Watch the videos for "Sugar Hiccup" and "Ivo" (from Treasure):
MIEN are a psych-rock supergroup featuring The Black Angels' Alex Maas, The Horrors' Tom Furse, Elephant Stone’s Rishi Dhir and The Earlies’ John-Mark Lapham. The seeds of the band were planted at SXSW well over a decade ago, where Maas ended up hanging out with Dhir and Lapham, forming friendships. Dhir also has played bass in The Black Angels who shared festival dates with The Horrors, which brought Furse into the picture. The real bonding moment, apparently, occurred over the mutual affection for The Association's sitar-fueled "Wantin’ Ain’t Gettin" and a desire to cover the song.
That cover was attempted but never finished. It did, however, lead the four of them to start working on their own music together, mostly over the internet. A dark sound, heavy on atmosphere and analogue synths, emerged. "Imagine the Black Angels as Nico in her '80s industrial phase mixed with George Harrison and Conny Plank," is how Lapham puts it.
MIEN's self-titled debut will be out April 6 via Rocket Recordings. The first single is "Black Habit," which begins with a driving bassline which, with a motorik beat, soon gets into Neu! territory but then gets dragged into the gutter. Watch the video:
MIEN will make their live debut at Austin's Levitation Fest.
Are you familiar with The Nightcrawlers, the ambient synth trio from the Philly/Jersey area who released nearly 40 tapes from 1980 - 1991? Me either till just recently. Despite owning an arsenal of analogue gear that would make Rick Wakeman and Tim Gane envious, all of those tapes were recorded live to a JVC Biphonic Boombox. They were then dubbed-to-order via the Synkronos label run by the group's Peter D. Gulch.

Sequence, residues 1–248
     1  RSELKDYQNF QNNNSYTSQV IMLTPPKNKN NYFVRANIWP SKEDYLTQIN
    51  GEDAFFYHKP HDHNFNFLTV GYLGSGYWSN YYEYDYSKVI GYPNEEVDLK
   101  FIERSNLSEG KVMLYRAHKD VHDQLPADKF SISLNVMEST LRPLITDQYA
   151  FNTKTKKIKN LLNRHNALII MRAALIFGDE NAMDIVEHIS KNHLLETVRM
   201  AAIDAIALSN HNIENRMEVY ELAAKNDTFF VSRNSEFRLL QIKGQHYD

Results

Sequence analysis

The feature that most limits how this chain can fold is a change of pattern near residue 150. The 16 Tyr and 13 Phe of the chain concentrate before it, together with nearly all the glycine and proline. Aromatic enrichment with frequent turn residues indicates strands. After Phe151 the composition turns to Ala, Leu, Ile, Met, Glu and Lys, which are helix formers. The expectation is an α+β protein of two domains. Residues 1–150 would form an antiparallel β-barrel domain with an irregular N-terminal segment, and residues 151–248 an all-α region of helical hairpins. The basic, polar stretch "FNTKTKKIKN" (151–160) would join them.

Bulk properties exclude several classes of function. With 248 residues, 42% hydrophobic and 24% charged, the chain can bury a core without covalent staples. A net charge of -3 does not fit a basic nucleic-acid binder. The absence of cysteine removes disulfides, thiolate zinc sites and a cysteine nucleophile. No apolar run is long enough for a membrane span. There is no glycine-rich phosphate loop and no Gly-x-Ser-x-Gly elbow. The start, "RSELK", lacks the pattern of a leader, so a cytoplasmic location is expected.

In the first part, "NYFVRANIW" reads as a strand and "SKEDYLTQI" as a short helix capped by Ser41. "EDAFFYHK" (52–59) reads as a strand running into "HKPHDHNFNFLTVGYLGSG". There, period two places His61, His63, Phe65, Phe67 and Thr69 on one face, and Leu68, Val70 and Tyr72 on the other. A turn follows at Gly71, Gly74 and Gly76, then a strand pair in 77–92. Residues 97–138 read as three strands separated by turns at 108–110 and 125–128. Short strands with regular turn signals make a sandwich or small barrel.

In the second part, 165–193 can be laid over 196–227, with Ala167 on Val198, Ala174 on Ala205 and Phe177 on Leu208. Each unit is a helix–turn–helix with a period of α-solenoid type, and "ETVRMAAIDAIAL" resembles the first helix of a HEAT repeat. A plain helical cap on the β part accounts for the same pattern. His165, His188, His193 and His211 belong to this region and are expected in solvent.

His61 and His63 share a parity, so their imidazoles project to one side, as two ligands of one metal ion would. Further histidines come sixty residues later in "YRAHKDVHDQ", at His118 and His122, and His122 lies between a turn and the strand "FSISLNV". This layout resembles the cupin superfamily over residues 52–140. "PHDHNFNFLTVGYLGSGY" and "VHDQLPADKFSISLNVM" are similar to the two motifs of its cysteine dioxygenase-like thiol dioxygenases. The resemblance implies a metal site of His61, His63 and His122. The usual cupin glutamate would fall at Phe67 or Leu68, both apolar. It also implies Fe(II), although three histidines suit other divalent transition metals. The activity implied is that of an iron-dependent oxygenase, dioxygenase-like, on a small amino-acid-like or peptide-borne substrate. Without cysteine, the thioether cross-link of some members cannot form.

Influenced by Tangerine Dream, Steve Reich and other synth and ambient luminaries, this was music almost no one heard at the time, but Anthology Records -- the reissue label run by Mexican Summer -- is putting out a Nightcrawlers double-LP compilation titled The Biophonic Boombox Recordings on February 23. (Preorder.) You can check out "Luv-li-musik," which sounds pretty good for being recorded onto a boombox:
Lake Ruth, the trio comprised of multi-instrumentalist Hewson Chen (The New Lines), Matt Schulz (Enon, Holy Fuck, SAVAK) and vocalist Allison Brice, are back with their second album. If they're new to you: the band's sound is baroque, jazzy and clinical. It's hard not to mention Broadcast when describing them, but there's a little Cardigans and St. Etienne playfulness in there too, plus Schulz is a real walloper which keeps things from sounding too fragile.
That second album, Birds of America, will be out February 16 via Feral Child Recordings and it betters their very good 2016 debut. There's more drive to the performances, more ease in their playing, the songs are catchier, and the production and mix (courtesy of Geoff Sanoff) is crisp. The whole record really pops. You can check out first single "One of Your Own" below.
You can catch Lake Ruth live tonight (2/2) in NYC at The Bell House. They're playing the Frontier Room (the front/outer bar) and their six-piece live lineup includes René Dennis (The New Lines), Sohrab Habibion (Obits, SAVAK) and David Mason (Listening Center). The Galaxy Electric are also on the bill and The Big Takeover's Jack Rabid will be DJing between sets and tickets are on sale.